Moms who use disposables diapers keep waterproof diaper covers on hand to provide additional protection against diaper blowouts. The gussets on a disposable diaper aren’t the best, so adding an old cloth diaper cover on top provides you with a little bit of extra protection should the Pampers fail.
2. Hot Pads And Pot Holders
A lot of cloth diaper embed materials, like microfiber or prefolds, are adequately thick to use as a hot pad or potholder in the kitchen. I don’t know about you, but I find it incredibly useful to have a couple of those around the house!
3. Can Be Used As Training Pants for Potty Training
Babies who are potty training can use pocket shells as training pants. You may decide to put a very thin insert inside just to buy you a little time before they flood their pants, but you don’t need it completely stuffed like a diaper.
It’s best advised for kids to be able to feel the wetness when potty training. If you snap the shell freely enough, they may be able to pull it up and down on their own just like underwear.
Old cloth diapers or one-size diapers sized on the smallest setting can make a nice diaper for baby dolls or teddy bears. Children can play with them for a long time!
5. Use As A Photo Prop
Using your old cloth diaper is another great idea to give a really cute (but not usable) cover new life. Allow your baby to wear it for a photoshoot; hold onto it if the color/print is one you love, and you can get a picture of your next baby in it, as well.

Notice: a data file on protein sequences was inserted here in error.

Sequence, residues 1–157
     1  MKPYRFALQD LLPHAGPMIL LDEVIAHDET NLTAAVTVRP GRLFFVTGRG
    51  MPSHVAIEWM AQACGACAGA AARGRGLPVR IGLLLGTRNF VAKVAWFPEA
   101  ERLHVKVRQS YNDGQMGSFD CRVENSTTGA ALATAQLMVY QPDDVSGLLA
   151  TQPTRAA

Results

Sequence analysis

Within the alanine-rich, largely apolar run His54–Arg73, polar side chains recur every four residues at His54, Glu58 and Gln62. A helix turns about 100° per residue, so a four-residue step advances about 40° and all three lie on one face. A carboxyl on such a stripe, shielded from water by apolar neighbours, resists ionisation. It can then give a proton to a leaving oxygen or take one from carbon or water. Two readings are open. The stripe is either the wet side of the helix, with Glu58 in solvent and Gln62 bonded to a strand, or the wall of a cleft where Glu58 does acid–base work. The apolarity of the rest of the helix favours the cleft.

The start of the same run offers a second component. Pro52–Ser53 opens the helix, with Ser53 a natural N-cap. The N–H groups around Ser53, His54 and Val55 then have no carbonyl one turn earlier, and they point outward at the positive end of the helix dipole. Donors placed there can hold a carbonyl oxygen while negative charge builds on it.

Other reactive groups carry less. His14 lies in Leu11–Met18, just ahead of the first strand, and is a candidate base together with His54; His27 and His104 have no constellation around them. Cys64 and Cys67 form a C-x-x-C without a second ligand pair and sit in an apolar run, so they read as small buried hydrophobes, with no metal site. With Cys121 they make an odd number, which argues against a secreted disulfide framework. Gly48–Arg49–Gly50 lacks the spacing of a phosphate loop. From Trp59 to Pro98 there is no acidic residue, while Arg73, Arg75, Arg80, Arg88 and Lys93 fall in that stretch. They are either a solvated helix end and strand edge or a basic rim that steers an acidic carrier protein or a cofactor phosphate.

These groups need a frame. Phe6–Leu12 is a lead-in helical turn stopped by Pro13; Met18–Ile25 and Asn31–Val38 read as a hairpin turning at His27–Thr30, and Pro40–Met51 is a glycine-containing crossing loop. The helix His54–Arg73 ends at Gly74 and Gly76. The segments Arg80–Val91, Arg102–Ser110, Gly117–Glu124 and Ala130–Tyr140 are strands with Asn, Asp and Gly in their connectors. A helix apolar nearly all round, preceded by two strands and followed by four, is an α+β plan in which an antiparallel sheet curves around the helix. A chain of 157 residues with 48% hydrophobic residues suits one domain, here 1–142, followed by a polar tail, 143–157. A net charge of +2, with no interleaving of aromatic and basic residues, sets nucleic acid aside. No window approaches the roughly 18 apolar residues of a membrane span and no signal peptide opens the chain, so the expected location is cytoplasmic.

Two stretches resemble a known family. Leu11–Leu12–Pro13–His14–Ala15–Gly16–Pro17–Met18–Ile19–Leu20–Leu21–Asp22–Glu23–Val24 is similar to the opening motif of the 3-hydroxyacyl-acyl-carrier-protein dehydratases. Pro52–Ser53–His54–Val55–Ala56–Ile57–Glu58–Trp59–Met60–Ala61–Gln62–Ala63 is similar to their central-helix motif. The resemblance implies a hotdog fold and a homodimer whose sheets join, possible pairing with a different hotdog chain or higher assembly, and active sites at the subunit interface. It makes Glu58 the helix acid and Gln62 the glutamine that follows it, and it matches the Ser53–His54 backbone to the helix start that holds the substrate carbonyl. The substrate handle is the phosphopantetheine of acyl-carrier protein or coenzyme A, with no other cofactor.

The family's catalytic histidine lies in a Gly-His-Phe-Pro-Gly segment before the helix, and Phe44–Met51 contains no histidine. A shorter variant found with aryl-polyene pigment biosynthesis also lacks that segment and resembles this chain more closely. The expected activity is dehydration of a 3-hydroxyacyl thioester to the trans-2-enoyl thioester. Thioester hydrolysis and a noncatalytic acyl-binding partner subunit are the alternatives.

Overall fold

6. Stuffing For A Pet Bed
You can essentially take any old diaper fabric, put it inside a pillowcase, and sew the end shut to make it into a pet bed for your dog or cat. If you have a bean bag chair shell but no beads, you could try placing them all in there, as well!
7. Be Crafty
You can make cute cloth diaper key chains or tree ornaments from old PUL covers, just like these from Weensy Baby which can be as gifts or party favors. You can also use your old cloth diaper covers for baby shower decorations or party games.
8. As A Swim Diaper
Your old cloth diaper can also be used as a swim diaper. The primary purpose of a washable swim diaper is to hold in number two, so as long as you can get a solid match around the legs, an old cover or pocket shell can serve this purpose.
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9. They Can Serve As Teaching Aids
Old diapers can be practical, and you can get lots of use out of them even when you’re no longer changing diapers. Use them in your local cloth diaper support group to show various styles and features for mothers who are curious to start.
So there you have it -15 things on what to do with old cloth diapers when you no longer need them. I hope you found some of these ideas helpful. Are you going to be happy when your little one is done with diapers?
What are your plans with your baby diapers after your baby potty trains? Do you have another idea on what to do with old cloth diapers or damaged diaper covers? Let us know in the comment below so other moms can benefit from your ideas, too!